Design of complex engineering systems is complex because of the scale and multi-disciplinary essence of their design knowledge. Hence, this thesis proposes a modelling framework to support conceptual design of aforementioned systems. The framework should enable analyzing the alternatives by application of its models and algorithms which can significantly support decision making in conceptual design stage.

Contact: Shiva Abdoli

Supervisor: Prof S. Kara

6.Partial shipment for supply chain management

In business sectors like the pharmaceutical industry fast customer order deliveries can be crucial both for the businesses’ and the customers’ viability.  To accomplish this, finished products need to be stocked close to the customers at the expense of higher inventory holding and obsolescence costs in the distribution centres. This thesis, proposes an approach that could enable cross-docking despite rigid delivery lead time constraints is the “partial shipment strategy”.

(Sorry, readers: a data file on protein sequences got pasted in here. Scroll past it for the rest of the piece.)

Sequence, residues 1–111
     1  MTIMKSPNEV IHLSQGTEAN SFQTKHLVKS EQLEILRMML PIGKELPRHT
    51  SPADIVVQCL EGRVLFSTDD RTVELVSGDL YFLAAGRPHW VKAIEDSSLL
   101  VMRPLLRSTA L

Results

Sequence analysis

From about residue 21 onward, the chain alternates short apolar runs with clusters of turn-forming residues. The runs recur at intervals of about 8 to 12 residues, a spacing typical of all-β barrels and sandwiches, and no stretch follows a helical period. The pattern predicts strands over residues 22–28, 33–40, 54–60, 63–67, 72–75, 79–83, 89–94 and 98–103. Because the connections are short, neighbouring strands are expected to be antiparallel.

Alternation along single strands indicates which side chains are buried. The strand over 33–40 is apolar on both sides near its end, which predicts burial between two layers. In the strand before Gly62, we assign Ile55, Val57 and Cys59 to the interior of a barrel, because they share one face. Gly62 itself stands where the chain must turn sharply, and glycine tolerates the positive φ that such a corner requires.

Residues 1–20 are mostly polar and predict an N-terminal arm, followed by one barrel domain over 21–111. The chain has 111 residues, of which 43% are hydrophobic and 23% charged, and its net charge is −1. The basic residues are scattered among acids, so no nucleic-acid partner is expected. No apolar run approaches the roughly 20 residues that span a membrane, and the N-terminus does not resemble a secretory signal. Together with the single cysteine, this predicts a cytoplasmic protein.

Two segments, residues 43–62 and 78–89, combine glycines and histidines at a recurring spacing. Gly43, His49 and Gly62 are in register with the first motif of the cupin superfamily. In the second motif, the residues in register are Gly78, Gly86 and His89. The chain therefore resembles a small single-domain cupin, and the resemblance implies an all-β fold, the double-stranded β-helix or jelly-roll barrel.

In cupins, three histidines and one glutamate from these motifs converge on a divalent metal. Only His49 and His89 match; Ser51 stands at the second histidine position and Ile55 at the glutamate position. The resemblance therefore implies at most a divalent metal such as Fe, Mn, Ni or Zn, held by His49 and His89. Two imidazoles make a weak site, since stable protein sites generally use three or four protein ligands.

Contact: Georg Bienert

Supervisor: Prof S. Kara

Previous Projects

|2017 | 2016 |2015 |2014 | 2013 | 2012 | 2008 | 2007 | 2006 | 2004 | 2002 | 2000 and before


1. Exergy Analysis and Energy Rating of Factories

Energy rating is measuring and benchmarking energy efficiency or performance which is very important to lead and devise firm’s action. It helps in gaining competitiveness and on the other hand reducing environmental impact causes by energy consumption. Due to the complexity and diversity of the manufacturing systems, there is no such method for measuring and benchmarking energy efficiency of a factory that can essentially help lead and devise action for a factory. This research intends to develop, test and validate a rating method through development of generalized model for factories. Theoretical and mathematical approaches are employed in the investigation.    

Contact: Rasel Mahamud
Supervisor: Prof S. Kara
Co-Supervisor: Dr. W. Li

2. Development of Environmental Value Stream Model for Assessing Sustainability in Manufacturing

In today’s globalized marketplace, increasing commodity prices and alarming rate of industrial pollutions are bringing more dimensions to the challenges Manufacturing has already been facing. Simultaneous improvement of environmental and economic dimensions for these companies require holistic system approach. An insight into identifying where and when the largest sources of waste occur within the multi-product, multi-machine manufacturing system is vital. This project aims at developing an integrated simulation and optimisation tool, for evaluation and improvement of the performance of the manufacturing companies on cost, lead time, throughput and environmental footprint.